Wintertime is usually not the best time to be cycling, especially if you live in regions that have lots of winter weather to deal with.
For those trying to maintain a cycling training plan, the winter season can often throw a kink in your plans, and leave you off your goals and possibly a little out of shape after the big thaw in the spring.
When this happens, you can often end up spending one of the more milder times of year getting back into shape -- just in time for the heat of summer. Bummer.
Fortunately, there are ways to avoid the winter lag, and stay on pace to keep your fitness up, and goals in line.
This kind of goes without saying. Winter training is a way to stay on track with your goals for both the short and long term.
If you’ve been at this for awhile, reflect back on your past years’ performance. What distance do you want to add? What times do you want to shave down? Be realistic here. If you're trying to increase your miles by 15-20 come early spring, you may need to scale things back.
Realize that winter poses issues to a normal training routine. Your goals cannot be as ambitious. Even if your winters are milder than others, your daylight will be shorter, taking away from your training time.
Your bottom level goal should be maintaining your current pace or distance, with any increases seen as a bonus.
Don’t limit your enjoyment of the holidays because of your cycling goals. Live a little. This means allowing for some extra calories around the holidays, even if in small spurts. Don’t be that person who makes a fuss at Thanksgiving and eats a plate of green beans and a dollop of cranberry sauce. It's just one day, you’re fine.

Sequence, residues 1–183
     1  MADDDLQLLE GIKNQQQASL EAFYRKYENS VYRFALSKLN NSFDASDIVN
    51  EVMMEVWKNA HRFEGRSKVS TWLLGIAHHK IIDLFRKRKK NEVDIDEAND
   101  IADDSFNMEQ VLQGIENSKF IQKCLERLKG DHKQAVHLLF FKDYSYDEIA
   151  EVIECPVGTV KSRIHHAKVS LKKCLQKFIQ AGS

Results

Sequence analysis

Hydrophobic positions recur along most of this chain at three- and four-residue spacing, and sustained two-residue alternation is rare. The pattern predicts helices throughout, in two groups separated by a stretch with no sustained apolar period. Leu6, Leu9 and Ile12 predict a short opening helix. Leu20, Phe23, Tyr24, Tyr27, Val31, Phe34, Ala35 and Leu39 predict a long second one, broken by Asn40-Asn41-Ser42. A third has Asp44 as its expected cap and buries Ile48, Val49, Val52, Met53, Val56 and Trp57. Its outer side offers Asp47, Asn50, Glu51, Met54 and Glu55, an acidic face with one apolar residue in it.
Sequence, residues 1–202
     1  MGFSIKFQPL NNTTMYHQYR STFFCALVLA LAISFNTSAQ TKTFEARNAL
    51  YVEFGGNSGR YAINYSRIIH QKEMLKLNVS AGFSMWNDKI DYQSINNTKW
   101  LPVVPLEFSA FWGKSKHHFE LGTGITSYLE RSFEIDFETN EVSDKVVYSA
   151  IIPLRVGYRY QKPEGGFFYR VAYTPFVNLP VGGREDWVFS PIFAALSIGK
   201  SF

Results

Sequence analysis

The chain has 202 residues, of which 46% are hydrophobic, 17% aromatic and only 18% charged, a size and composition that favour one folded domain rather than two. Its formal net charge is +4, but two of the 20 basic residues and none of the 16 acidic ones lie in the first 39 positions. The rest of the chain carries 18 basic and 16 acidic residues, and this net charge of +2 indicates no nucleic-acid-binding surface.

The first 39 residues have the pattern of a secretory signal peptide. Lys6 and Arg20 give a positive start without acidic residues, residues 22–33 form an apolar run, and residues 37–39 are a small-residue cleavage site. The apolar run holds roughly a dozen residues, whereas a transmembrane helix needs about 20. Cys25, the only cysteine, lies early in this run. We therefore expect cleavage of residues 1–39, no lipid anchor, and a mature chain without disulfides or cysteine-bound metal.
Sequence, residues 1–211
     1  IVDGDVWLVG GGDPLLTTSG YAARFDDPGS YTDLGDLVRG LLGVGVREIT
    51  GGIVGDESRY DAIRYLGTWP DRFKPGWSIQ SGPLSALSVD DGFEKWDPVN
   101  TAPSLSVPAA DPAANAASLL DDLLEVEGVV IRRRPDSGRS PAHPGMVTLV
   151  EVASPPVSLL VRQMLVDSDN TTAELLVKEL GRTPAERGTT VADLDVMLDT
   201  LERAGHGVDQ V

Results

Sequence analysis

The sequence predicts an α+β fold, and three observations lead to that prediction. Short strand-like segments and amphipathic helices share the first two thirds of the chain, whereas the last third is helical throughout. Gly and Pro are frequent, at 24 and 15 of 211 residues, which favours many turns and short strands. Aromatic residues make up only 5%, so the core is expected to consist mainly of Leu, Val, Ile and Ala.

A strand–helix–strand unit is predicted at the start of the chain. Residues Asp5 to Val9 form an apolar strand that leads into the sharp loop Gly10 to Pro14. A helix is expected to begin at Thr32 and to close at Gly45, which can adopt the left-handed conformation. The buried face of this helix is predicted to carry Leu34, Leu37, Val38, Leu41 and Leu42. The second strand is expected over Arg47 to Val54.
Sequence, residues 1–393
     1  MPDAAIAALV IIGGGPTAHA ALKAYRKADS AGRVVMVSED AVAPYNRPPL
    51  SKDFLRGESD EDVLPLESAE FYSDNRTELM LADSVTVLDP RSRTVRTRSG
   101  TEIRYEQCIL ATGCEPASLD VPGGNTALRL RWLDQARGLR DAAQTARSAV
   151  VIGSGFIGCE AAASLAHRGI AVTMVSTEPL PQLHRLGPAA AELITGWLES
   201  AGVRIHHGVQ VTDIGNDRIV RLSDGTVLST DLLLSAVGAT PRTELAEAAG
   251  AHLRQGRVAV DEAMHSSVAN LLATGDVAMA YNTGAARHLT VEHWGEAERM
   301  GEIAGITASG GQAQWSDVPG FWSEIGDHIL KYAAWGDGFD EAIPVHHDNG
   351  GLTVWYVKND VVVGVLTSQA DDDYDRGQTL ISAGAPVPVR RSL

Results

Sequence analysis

In most cases, you’ll want to even suspend your training for a week or so at some point. For instance, if you want to relax during the period from Christmas to New Years, go extra hard that week leading up so you can spend the holiday week recovering.
As you already know, winter weather can be a hinderance. Get your bike ready for it, and get the right gear to handle it. Whether it’s fenders, different tires, cold weather cycling clothing, whatever. Just make sure you have it, otherwise you’ll find excuses to stay inside.
Okay, staying inside isn’t always so bad. During the winter, you’ll need to change things up a bit and rely more on indoor exercise. Whether that means a stationary bike, a trainer attachment, a temporary gym membership, whatever works.
Just keep things going as best you can, and make goals for gains on specific exercises. Those gains will carry over to your bike.
With a little planning and the right attitude, winter can be a beneficial time in your training. Follow the tips above to keep things on track, making way for a better spring and summer riding season.
This post was last updated on June 5th, 2018 at 02:10 pm
Over the last few years, I’ve taken my love of the outdoors, hiking, skiing, trekking and exploring to the next level by starting this site. I started a bike shop in Denver, CO, and have seen amazing growth over the last few years. Getting paid to do what I love has been a dream come true for me. That’s also what led me to start BikesReviewed.com. In my shop, I spend a large amount of time helping people find the perfect bike for them and the style of biking they’re going to be doing. It only made sense that I expanded my reach and got online, making it possible for me to help people all over the world. If biking and staying fit is your priority, too, you’ve come to the right place.
6 Tips On How To Bike Uphill Without Keeling Over At The Top05 Sep, 2018
Exploring Your Options For Creating A DIY Bike Rack01 Sep, 2018
To Wear Or Not To Wear A Bike Helmet?30 Aug, 2018
Which Country Has Adopted The Most E-bikes?12 Jul, 2018
The Case For And Against Bike Training Wheels05 Jul, 2018
Why You Can’t Ignore The Importance Of Steering Dampers